The sovereign wealth fund of Qatar has sold a block of shares in American jewelry retailer Tiffany & Co. valued at as much as $417 million. Qatar is currently at the center of a major diplomatic crisis with neighboring Gulf countries.
According to Bloomberg citing a statement from Morgan Stanley, the Qatar Investment Authority (QIA) sold 4.4 million shares in a block sale via the US bank. The shares were offered at $94.4 – $94.75, sources said.
The fund will still hold a 9.5 percent stake after the sale through subsidiary Qatar Holding USA LLC.
Qatar’s $335 billion wealth fund was founded in 2005 to diversify beyond the country’s domestic positioning in natural resources. QIA ranks as the ninth largest globally, according to the Sovereign Wealth Fund Institute. It has an impressive portfolio of assets, ranging from stakes in Volkswagen, Harrods department store, Barclays, Royal Dutch Shell, and LVMH.
In 2012, the fund made its first significant investment in a US public company by acquiring a 5.2 percent stake in Tiffany. The jewelry retailer known for its diamond rings and blue, ribboned boxes said the investment was a surprise, announcing later it would expand its presence in the Middle East.
The sale of Tiffany shares comes weeks after QIA reduced stakes in acquired in December in Credit Suisse and Rosneft.
The fund’s chief executive Sheikh Abdullah bin Mohamed bin Saud Al-Thani said on Wednesday there was “no problem” for the fund despite the crisis going on for more three months.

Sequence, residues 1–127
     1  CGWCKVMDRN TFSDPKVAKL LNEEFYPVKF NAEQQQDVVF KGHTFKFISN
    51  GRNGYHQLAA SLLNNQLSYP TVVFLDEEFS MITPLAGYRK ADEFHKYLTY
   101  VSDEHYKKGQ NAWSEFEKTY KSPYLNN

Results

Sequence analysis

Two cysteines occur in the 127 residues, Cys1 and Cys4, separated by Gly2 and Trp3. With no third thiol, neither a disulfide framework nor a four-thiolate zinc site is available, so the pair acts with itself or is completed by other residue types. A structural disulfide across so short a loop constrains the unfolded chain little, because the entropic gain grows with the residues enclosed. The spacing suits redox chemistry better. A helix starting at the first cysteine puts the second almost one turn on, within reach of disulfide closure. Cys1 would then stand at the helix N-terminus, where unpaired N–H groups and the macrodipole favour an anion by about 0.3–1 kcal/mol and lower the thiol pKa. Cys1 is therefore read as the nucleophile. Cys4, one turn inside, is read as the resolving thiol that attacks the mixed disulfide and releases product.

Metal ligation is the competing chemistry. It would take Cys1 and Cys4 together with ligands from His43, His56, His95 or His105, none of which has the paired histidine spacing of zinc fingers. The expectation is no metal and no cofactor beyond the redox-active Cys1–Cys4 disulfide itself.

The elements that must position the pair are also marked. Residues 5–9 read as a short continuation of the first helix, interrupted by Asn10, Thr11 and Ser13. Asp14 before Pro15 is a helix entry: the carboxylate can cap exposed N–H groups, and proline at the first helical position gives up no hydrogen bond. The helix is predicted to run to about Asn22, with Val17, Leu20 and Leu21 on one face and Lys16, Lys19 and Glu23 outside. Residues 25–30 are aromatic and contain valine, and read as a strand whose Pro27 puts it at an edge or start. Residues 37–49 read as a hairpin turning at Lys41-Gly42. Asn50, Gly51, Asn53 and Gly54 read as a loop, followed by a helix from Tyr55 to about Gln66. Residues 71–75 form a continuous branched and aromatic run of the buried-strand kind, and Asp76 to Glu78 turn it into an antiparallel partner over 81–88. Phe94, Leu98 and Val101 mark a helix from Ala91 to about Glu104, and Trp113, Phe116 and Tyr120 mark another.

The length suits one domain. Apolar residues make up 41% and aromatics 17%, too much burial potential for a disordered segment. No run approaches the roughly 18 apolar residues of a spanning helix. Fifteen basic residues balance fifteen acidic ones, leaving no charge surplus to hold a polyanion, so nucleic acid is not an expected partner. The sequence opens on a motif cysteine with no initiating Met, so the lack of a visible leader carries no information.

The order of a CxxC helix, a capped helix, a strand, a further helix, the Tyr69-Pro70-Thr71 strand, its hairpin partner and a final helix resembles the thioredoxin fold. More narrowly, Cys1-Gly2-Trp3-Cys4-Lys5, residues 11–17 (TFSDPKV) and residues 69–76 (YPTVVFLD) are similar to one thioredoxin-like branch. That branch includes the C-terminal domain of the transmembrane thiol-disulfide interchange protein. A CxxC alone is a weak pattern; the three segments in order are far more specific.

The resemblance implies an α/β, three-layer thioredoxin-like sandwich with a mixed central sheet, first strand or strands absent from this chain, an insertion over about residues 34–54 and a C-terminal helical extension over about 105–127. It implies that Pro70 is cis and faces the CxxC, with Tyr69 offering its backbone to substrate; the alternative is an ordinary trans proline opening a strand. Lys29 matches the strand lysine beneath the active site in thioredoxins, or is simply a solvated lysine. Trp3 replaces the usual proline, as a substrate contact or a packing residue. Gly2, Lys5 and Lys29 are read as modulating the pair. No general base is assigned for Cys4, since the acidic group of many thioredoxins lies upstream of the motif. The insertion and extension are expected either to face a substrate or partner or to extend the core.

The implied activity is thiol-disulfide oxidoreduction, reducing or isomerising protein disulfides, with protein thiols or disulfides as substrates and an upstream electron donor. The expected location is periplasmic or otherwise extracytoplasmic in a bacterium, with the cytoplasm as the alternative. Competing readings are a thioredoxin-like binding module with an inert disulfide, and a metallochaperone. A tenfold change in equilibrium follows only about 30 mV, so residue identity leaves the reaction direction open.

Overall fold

“We are still open for business and business as usual,” Sheikh Abdullah said as cited by Channel News Asia. “We are fine,” he added.
According to Moody’s Investors Service, QIA has injected almost $40 billion to support the country’s economy and financial system during the first two months of the crisis.
The standoff with the Saudi-led coalition has resulted in capital outflows from Qatari banks of about $30 billion in June and July, it said.
Saudi Arabia, the United Arab Emirates, Bahrain, and Egypt suspended diplomatic relations with the country in June, accusing it of supporting terrorism.
Doha has denied the accusation, calling the blockade by its neighbors illegal.
In August Doha requested banks tap international investors to raise financing, instead of mainly relying on government funding as the impact of the boycott put pressure on liquidity.
The Qatari central bank said the crisis has led to an outflow of around $7.5 billion in foreign customer deposits and a further $15 billion in foreign interbank deposits and borrowings.
Experts forecast a further $3 to $4 billion could leave in the coming months.